Management Information Systems 8/e Chapter 13 Understanding the Business Value of Systems and Managing Management Information Systems 8/e Chapter 13 Understanding the Business Value of Systems and Managing Change UNDERSTANDING THE BUSINESS VALUE OF INFORMATION SYSTEMS Strategic Considerations Scoring Models • Method for deciding among alternative systems based on a system of ratings Real Options Pricing Models • Models using techniques for valuing financial options to evaluate information technology investments with uncertain returns 13. 17 © 2004 by Prentice Hall

Management Information Systems 8/e Chapter 13 Understanding the Business Value of Systems and Managing Management Information Systems 8/e Chapter 13 Understanding the Business Value of Systems and Managing Change UNDERSTANDING THE BUSINESS VALUE OF INFORMATION SYSTEMS Strategic Considerations Knowledge Value–Added Approach • Focuses on knowledge input into a business process • Determines costs and benefits of changes in business processes from new information systems 13. 18 © 2004 by Prentice Hall

Management Information Systems 8/e Chapter 13 Understanding the Business Value of Systems and Managing Management Information Systems 8/e Chapter 13 Understanding the Business Value of Systems and Managing Change UNDERSTANDING THE BUSINESS VALUE OF INFORMATION SYSTEMS Information Technology Investments and Productivity • Measure of firm’s efficiency in converting inputs to outputs Information Technology • Contribution to productivity difficult to measure 13. 19 © 2004 by Prentice Hall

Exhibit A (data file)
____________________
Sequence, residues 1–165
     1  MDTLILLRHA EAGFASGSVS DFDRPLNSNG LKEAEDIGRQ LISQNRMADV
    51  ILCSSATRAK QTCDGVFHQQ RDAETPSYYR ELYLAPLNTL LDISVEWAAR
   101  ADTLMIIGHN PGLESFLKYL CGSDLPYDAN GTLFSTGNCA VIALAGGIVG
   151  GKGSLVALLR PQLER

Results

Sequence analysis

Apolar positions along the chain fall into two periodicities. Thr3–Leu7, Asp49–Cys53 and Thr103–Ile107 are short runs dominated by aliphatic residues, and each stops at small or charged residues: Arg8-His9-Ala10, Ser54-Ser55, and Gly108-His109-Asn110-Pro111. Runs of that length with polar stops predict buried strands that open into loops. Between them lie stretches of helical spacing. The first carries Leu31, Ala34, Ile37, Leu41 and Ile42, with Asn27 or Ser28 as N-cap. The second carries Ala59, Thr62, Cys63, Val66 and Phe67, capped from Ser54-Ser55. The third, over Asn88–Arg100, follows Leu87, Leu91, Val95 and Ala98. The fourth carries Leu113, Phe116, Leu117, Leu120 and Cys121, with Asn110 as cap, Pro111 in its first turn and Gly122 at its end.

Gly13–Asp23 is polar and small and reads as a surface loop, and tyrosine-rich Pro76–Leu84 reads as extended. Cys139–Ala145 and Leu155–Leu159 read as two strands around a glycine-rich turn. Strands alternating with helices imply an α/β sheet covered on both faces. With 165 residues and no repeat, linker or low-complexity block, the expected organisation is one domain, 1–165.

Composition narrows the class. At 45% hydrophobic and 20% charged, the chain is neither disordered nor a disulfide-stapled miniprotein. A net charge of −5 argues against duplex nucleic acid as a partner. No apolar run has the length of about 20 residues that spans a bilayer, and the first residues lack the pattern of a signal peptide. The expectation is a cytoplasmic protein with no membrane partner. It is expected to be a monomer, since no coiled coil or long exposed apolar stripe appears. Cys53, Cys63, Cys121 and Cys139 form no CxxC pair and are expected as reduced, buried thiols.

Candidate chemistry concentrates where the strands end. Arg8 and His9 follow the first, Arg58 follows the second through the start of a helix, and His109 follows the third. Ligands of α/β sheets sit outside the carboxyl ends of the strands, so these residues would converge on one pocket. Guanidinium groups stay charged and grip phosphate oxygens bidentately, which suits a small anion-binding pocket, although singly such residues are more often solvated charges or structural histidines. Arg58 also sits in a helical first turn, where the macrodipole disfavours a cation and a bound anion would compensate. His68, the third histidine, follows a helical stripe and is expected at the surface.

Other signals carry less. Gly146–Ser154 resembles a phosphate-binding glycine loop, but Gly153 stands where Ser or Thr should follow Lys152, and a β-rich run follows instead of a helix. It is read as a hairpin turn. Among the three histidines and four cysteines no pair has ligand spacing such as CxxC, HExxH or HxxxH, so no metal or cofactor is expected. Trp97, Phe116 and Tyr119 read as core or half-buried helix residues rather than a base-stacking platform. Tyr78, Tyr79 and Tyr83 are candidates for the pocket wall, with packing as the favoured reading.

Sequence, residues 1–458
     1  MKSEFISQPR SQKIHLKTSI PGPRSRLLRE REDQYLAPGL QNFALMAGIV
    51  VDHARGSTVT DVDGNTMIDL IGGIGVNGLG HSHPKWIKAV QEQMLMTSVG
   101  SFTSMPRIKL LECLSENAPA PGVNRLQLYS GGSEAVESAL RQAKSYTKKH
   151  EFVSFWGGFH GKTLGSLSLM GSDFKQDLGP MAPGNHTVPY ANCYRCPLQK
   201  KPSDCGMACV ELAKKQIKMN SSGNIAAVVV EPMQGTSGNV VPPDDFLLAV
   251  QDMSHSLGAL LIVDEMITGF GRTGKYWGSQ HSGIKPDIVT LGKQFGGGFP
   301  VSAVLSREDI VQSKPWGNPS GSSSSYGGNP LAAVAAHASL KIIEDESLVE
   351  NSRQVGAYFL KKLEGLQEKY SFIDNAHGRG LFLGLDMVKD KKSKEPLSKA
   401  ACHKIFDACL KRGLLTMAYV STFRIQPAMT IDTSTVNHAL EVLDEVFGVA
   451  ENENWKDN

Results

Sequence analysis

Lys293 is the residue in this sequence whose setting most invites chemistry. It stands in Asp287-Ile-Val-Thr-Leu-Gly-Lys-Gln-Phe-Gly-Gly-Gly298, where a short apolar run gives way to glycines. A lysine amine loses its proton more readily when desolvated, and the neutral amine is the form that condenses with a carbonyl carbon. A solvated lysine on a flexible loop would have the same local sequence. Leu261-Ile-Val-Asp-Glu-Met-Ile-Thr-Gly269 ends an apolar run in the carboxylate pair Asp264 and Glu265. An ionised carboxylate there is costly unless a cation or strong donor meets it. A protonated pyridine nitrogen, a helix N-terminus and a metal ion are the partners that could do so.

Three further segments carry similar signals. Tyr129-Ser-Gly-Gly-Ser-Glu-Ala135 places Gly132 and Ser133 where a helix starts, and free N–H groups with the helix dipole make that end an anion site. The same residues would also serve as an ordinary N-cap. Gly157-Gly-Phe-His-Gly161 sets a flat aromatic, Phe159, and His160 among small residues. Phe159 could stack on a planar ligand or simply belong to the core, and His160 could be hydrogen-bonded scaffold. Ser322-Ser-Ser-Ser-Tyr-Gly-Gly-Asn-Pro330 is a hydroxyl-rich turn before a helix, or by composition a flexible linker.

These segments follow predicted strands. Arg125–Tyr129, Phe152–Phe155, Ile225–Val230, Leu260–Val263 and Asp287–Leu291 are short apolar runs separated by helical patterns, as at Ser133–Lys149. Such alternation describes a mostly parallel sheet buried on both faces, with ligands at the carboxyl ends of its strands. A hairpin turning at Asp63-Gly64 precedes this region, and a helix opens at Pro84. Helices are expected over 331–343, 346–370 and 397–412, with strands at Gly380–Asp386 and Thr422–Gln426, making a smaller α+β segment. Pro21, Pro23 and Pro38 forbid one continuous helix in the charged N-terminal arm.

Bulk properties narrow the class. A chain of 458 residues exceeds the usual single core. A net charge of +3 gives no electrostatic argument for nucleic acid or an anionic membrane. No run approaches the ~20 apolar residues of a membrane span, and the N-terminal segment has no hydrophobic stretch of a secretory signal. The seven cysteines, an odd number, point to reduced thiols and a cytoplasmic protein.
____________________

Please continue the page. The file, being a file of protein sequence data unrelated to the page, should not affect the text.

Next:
Management Information Systems 8/e Chapter 13 Understanding the Business Value of Systems and Managing Management Information Systems 8/e Chapter 13 Understanding the Business Value of Systems and Managing Change IMPORTANCE OF CHANGE MANAGEMENT IN INFORMATION SYSTEM SUCCESS AND FAILURE Information System Problem Areas System failure • Information system does not perform as expected, is not operational at a specified time • Problem areas: Poor design, inaccurate data, excessive expenditure, breakdown in operations 13. 20 © 2004 by Prentice Hall

Management Information Systems 8/e Chapter 13 Understanding the Business Value of Systems and Managing Management Information Systems 8/e Chapter 13 Understanding the Business Value of Systems and Managing Change IMPORTANCE OF CHANGE MANAGEMENT IN INFORMATION SYSTEM SUCCESS AND FAILURE Information System Problem Areas Figure 13 -4 13. 21 © 2004 by Prentice Hall

Management Information Systems 8/e Chapter 13 Understanding the Business Value of Systems and Managing Management Information Systems 8/e Chapter 13 Understanding the Business Value of Systems and Managing Change IMPORTANCE OF CHANGE MANAGEMENT IN INFORMATION SYSTEM SUCCESS AND FAILURE Change Management and the Concept of Implementation • Organizational activities working towards adoption, management, and routinization of innovation Change agent • Individual acting as catalyst to ensure successful organizational adaptation to a new system or innovation 13. 22 © 2004 by Prentice Hall

Management Information Systems 8/e Chapter 13 Understanding the Business Value of Systems and Managing Management Information Systems 8/e Chapter 13 Understanding the Business Value of Systems and Managing Change IMPORTANCE OF CHANGE MANAGEMENT IN INFORMATION SYSTEM SUCCESS AND FAILURE Causes of Implementation Success and Failure • Role of users in implementation process • Degree of management support for implementation effort • Level of complexity and risk of implementation project • Quality of management of implementation process 13. 23 © 2004 by Prentice Hall